They are also rewarded with Keystone Bucks about every 5-10 minutes, where they are allowed specific times during the day to purchase snacks, including candy, soft drinks, hot lunches and juices.

"If they follow school rules and stay on task, they get rewarded," says Delcarlo's teacher, Theresa Kirchnerin. "They can use them to buy things but they're never taken away."

At home

Sometimes, Delcarlo goes home to watch cartoons or play games on his PlayStation. Sometimes, he works on his one sheet of homework. And then there are times when he sleeps.

Cassandra McCullough, a 40-year-old woman wearing a large T-shirt that says "Soul Sista," is Delcarlo's mother, a woman who speaks her mind in a moment's notice.

They are inside Jessie Mae Jones' house, an 89-year-old woman also known as Granny to the 80 children she has fostered since 1959, including Cassandra and Delcarlo.

Delcarlo, medicated and sleeping next to his mother on a plastic-covered couch, sits with his mouth open, oblivious to the conversation.

"I don't think he needs that medicine. Look at him, it's too strong for him," Jones says to McCullough in a voice as old as tales.

McCullough is giving him Syracol daily, she says, twice in the morning and three at night in a dosage of 100 milligrams each time. It is an over-the-counter cough suppressant with the stimulant ephedrine to treat children with ADHD.

"I know he needs to take some sort of medicine and I want him to have something," McCullough responds. "He could be out there playing then all of a sudden poof, he wants to blow up and fight everybody."

Such was the case when Delcarlo faced a 5150, when a professional person designated by the county admitted him to a psychiatric facility for treatment and evaluation.

"It was very nerve-racking," McCullough says, mentioning he was in the hospital for 14 days. "They had to take him down at the school and he was totally out of control. That's why he takes medicine. It balances him."

Although Keystone has been a good school to the family, McCullough believes there is room for academic improvement.

As of date, McCullough says, she has never received any reports or outlines from the school regarding Delcarlo's progress.

"I don't know what is going on. I've never seen my son write and he's supposed to be going to sixth grade. How is he going to sixth grade if they don't have an outline? They don't send me anything," McCullough says.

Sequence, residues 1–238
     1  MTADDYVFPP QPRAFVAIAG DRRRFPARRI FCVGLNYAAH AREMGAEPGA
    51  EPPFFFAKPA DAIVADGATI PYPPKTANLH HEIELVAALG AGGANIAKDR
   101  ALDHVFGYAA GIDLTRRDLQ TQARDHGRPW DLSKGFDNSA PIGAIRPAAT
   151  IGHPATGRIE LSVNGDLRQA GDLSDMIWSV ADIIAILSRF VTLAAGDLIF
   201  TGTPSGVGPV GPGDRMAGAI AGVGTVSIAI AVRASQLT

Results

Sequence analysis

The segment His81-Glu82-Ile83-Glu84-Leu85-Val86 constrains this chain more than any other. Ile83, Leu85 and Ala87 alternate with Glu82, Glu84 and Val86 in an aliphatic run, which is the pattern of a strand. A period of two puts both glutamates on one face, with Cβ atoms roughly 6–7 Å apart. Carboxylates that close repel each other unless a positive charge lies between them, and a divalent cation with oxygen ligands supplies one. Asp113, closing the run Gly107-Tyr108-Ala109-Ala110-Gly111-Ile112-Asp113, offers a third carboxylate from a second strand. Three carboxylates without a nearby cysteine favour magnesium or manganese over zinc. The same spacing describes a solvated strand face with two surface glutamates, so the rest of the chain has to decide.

But Dean, the school principal, disagrees and says each of the families receive a report on the student.

"We have weekly statement reports that are sent home with the kids and in addition, we have to submit that to each of the districts that referred that student to us," Dean says, adding end-of-the-year reports are mailed as well.


Kochise Jones, a 13-year-old boy in Delcarlo's class who built a reputation as being a comedian, openly admits to making mistakes in the past.

"I've been in and out of four schools before coming here because I acted the fool," he says and stretches his arms out. "But I ain't acting the fool no more."

For more than 45 minutes, Jones, one of seven boys in a class with three teachers, speaks out loud and addresses his instructor, Kirchnerin, as "Yo."

"I can't do this work! It's hard!" he shouts to Kirchnerin. Calmly but firmly, she responds.

"You need to sit down and do your work," she says and walks away.

He laughs, stands up and begins to dance to the music in his mind. The loud shouts from the boys reverberate through the class.

Delcarlo, infected by the interruptions, begins to move around and neglect his task of reading "Today is 1871, when the first professional baseball league started."

"You have to be able to touch your desk at all times. That's your area," Kirchnerin says to Delcarlo, but he's not in the mood for reprimands.

"I went to sleep around midnight because I was at my cousin's house," he explains of his irritation and restlessness. "Sometimes I go to sleep that late."

Delcarlo then walks out to play a game of basketball.

"I'm getting my anger out!" he says as the door slams behind him.